Understanding species’ journeys through rivers
My aim is to better understand factors and processes shaping rivers. Current knowledge varies a lot depending on the perspective researchers take. Characteristics of local plant and animals communities within river sections of up to a few 100 meters are already well understood. River scientists are able to identify and explain important details of abiotic and biotic components for these segments. Naturally, most rivers do not flow for only a few meters but last several kilometers before draining into the ocean. Trying to understand how different influences add up and interact on this long journey is a challenge not many scientists have taken up yet. I want to change this by studying how species spread throughout the entire length of rivers.
I am specifically interested in how plants end up in the riparian zone (=next to a river) at a certain part of a river, where they come from and the dispersal pathways their seeds take. This can be done by comparing plant communities from different locations along the river with each other. Assessing where common species are found allows us to understand how and where seeds have spread. For the portion of seeds with hydrochoric dispersion, which is the transport via water, the presence of lakes, meandering parts of a river, rapid flowing sections, and other physical characteristics can influence the final destination of the seeds. Therefore, I will analyze biotic features and also integrate abiotic factors in my research.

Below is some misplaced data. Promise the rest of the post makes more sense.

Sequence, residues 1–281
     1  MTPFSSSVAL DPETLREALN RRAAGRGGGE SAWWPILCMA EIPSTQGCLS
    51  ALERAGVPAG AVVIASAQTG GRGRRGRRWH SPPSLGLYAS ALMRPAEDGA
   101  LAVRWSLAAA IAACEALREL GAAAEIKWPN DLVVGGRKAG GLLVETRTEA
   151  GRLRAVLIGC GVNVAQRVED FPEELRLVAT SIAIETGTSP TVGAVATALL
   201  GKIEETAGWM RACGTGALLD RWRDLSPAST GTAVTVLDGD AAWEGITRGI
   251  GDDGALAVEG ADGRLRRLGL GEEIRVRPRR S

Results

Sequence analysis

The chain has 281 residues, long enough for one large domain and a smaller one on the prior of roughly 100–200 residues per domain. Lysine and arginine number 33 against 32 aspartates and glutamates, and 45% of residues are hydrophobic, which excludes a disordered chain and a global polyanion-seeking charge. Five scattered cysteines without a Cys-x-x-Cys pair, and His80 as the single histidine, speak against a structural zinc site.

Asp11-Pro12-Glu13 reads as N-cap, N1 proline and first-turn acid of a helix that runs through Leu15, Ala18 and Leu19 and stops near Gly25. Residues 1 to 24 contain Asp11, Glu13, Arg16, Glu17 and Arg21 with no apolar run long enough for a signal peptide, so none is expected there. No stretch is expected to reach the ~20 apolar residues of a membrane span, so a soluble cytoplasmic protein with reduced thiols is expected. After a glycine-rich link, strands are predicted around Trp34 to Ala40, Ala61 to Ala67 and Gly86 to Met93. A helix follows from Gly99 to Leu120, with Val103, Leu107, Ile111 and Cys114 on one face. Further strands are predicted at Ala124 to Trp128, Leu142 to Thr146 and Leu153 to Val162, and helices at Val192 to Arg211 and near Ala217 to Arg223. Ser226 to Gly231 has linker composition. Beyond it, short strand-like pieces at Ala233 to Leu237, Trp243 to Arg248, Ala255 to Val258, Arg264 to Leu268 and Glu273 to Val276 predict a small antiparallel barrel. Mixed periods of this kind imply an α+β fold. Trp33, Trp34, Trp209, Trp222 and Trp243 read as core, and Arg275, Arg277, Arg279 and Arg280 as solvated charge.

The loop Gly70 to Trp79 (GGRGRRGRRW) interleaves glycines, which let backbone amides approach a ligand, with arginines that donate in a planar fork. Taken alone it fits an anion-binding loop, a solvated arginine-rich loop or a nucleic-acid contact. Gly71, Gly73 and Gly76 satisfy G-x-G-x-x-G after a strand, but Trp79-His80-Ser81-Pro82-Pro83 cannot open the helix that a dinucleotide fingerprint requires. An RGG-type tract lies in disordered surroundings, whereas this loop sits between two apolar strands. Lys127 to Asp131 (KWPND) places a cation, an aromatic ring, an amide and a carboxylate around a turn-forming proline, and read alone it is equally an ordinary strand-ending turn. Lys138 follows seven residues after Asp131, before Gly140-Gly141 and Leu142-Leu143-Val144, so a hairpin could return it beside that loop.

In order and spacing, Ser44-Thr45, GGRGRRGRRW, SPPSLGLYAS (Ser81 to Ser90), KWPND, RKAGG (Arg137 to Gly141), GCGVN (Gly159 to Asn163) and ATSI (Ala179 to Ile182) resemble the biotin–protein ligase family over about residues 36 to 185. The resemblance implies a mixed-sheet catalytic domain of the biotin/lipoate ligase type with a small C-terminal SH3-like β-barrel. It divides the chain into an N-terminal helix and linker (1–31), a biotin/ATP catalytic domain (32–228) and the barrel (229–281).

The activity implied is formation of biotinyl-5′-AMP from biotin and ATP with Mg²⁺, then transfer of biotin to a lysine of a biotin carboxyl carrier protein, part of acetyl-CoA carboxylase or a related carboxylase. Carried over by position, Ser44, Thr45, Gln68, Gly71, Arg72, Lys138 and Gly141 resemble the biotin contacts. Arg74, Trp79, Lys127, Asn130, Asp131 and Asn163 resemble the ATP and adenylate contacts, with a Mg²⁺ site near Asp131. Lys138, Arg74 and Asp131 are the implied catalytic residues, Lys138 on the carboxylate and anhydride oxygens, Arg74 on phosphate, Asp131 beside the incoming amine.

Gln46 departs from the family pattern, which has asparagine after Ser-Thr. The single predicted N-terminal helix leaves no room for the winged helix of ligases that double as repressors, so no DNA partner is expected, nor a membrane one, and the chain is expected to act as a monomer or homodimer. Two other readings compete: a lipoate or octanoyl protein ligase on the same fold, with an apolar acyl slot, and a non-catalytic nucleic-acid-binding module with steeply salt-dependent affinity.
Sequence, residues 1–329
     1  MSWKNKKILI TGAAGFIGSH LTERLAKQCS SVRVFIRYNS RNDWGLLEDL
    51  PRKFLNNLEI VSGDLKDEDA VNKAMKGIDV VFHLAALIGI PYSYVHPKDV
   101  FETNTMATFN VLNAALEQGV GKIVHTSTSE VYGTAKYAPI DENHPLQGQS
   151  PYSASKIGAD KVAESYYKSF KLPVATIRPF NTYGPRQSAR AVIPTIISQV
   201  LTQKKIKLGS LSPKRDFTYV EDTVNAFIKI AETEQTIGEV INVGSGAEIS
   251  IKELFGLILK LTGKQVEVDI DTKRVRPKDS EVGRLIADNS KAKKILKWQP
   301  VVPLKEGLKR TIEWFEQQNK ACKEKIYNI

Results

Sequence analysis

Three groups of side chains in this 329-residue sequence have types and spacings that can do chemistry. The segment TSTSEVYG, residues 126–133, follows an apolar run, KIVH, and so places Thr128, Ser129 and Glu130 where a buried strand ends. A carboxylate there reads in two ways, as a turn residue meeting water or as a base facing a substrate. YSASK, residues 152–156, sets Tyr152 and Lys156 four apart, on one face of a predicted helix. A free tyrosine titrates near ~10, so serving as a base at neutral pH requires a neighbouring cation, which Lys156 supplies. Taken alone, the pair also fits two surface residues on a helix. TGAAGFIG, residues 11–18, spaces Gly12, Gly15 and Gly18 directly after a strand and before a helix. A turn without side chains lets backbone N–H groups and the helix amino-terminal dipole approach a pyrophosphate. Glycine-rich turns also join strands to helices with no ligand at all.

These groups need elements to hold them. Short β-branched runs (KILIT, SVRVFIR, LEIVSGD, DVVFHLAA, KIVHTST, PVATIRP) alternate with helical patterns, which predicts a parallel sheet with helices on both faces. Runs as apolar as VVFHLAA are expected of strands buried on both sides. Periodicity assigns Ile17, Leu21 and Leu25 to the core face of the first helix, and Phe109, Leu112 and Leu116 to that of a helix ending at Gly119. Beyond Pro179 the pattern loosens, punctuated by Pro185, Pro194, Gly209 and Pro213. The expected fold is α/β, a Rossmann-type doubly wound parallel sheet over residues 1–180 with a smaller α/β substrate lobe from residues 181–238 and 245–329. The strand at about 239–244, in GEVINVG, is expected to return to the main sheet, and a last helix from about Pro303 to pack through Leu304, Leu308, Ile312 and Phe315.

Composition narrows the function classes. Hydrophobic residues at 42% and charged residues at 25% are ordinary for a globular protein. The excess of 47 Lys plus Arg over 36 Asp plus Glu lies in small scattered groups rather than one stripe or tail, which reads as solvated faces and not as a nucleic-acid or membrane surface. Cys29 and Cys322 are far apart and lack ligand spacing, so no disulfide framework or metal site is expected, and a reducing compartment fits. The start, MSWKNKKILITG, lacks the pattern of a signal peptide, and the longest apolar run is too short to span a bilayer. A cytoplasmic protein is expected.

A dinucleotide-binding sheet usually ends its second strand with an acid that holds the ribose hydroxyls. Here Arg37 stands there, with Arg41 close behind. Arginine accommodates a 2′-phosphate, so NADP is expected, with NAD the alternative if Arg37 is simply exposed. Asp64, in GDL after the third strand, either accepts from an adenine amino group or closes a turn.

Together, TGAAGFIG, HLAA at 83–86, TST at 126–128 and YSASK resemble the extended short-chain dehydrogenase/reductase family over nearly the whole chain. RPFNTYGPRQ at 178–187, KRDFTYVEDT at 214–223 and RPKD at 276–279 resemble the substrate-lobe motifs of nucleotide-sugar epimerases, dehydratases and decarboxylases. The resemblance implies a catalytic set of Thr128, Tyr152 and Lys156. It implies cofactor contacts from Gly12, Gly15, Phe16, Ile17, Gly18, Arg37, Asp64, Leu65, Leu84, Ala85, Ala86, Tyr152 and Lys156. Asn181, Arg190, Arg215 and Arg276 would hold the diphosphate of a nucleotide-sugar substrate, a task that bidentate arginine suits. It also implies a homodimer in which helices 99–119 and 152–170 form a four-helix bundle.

The findings of my research will improve the basic understanding of rivers and can also be used to design and optimize concepts for river restoration and management, which can only be as successful as the scientific knowledge which they are based on.
Riparian vegetation recovery
Where do plant seeds come from after stream restoration?